Inverse electrocardiography can calculate epicardial potentials (EP) from body surface potentials (BSP) taking into account a thoracic volume conductor model (TVCM). Previous studies have shown that a tailored TVCM is superior to a general TVCM in calculating EP. However, construction of a tailored TVCM for a patient in an acute clinical setting is impractical. In this study we used a general TVCM in our EP calculations to determine whether this improves detection of acute myocardial infarction (AMI) using a diagnostic algorithm. BSP were derived from the 80-lead body surface map (BSM). Consecutive patients (n=379) with ischemic type chest pain were recruited. The BSM and a 12-lead electrocardiogram (ECG) were recorded at initial presentation and creatine kinase (CK) and/or CK-MB were measured initially, 12 and 24 hours postsymptom onset. A physician interpreted the 12-lead electrocardiogram and documented ST elevation if present. AMI was defined by the World Health Organization (WHO) criteria. The diagnostic algorithm result for each patient using BSP and calculated EP were documented. AMI occurred in 171 patients. The diagnostic algorithm using BSP identified 106 of these as ST elevation AMI (STEMI) (sensitivity 62%, specificity 80%). The same algorithm using EP identified 133 as STEMI (sensitivity 78%, specificity 80%). Calculated EP improved the algorithm's diagnostic sensitivity by a factor of 1.25 (P<.001) with no significant difference in specificity. Calculated EP using a general TVCM significantly improves the sensitivity of a diagnostic algorithm based on BSP in detection of AMI with no significant loss in specificity.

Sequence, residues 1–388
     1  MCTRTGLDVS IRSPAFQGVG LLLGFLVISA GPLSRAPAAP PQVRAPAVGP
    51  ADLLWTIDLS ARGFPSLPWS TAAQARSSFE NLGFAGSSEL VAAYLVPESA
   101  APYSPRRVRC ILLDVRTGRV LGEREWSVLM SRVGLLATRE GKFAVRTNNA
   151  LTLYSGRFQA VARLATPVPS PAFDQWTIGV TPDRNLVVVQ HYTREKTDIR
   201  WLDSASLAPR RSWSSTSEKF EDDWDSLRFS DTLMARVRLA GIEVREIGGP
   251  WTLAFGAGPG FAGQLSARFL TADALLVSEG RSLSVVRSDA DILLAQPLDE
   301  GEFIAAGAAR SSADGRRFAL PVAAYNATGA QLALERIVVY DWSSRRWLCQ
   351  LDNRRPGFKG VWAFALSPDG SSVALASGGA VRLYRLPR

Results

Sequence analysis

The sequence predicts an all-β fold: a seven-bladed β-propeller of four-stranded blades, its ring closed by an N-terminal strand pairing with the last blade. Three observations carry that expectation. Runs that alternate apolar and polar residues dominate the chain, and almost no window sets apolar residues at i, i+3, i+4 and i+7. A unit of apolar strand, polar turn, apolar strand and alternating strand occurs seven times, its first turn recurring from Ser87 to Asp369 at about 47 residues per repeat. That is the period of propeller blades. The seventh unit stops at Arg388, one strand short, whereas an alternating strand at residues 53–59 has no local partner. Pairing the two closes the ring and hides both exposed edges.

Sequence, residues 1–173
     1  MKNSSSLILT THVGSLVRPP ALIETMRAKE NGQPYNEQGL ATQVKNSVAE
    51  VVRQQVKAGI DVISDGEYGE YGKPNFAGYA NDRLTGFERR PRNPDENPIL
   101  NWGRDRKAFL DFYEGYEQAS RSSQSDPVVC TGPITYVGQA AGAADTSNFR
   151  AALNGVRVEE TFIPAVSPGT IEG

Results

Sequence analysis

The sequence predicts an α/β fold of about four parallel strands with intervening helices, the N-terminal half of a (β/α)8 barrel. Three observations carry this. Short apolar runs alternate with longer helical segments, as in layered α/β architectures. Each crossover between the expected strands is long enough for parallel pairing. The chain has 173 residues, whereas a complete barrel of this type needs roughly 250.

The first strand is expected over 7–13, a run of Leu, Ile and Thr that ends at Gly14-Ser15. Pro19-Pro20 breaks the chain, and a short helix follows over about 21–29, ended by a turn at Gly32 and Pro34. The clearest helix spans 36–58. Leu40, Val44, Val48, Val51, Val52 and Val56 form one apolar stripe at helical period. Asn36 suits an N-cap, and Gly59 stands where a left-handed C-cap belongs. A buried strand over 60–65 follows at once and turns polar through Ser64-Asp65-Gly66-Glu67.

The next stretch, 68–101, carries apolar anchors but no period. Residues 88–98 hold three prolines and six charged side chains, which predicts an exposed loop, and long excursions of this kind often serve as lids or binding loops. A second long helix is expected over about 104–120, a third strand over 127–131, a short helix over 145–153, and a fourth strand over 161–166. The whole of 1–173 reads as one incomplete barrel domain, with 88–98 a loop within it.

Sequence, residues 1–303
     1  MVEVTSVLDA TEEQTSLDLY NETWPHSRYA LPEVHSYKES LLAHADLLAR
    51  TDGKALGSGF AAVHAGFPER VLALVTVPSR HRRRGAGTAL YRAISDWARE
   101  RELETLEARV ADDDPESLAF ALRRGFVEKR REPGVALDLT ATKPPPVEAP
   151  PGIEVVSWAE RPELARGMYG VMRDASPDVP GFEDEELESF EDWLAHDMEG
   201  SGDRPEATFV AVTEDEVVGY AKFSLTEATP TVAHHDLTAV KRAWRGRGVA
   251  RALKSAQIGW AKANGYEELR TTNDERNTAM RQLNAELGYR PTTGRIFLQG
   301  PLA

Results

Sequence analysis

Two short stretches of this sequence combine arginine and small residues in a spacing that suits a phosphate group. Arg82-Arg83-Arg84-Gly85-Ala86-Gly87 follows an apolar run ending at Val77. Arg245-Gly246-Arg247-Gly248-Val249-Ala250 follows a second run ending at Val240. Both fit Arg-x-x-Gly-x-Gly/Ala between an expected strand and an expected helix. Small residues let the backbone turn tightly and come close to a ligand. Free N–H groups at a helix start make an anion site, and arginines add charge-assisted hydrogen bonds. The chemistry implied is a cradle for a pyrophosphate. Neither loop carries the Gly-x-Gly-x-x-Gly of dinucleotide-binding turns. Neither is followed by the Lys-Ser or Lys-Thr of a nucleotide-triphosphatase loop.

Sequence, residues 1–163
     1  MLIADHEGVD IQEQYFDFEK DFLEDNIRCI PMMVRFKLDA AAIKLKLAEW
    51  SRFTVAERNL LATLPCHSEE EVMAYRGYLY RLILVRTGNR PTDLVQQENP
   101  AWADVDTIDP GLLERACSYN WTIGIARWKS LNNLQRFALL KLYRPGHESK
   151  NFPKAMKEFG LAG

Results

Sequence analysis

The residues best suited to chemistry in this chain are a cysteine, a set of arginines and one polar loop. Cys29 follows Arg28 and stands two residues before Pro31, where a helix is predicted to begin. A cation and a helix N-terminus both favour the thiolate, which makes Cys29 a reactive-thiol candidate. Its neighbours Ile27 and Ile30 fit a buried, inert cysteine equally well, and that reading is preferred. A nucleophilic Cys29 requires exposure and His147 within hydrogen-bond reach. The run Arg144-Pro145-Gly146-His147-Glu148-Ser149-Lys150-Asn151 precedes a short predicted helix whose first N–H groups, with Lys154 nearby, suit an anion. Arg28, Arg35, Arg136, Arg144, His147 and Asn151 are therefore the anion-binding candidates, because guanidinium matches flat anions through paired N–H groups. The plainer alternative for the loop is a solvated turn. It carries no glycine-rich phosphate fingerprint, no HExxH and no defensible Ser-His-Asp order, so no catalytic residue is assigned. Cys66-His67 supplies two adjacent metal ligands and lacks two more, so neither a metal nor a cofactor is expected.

|Journal||Journal of Electrocardiology|
|Publication status||Published - 2003|
- Body Surface Potential Mapping
- Electrocardiography: methods
- Myocardial Infarction: diagnosis
- Pericardium: physiology
- Sensitivity and Specificity
Navaro, C., Owens, C., Riddell, J., McClelland, A., Anderson, JMCC., Escalona, OJ., ... Adgey, JJA. (2003). The use of calculated epicardial potentials improves significantly the sensitivity of a diagnostic algorithm in the detection of acute myocardial infarction. Journal of Electrocardiology, 36 Sup, 127-132.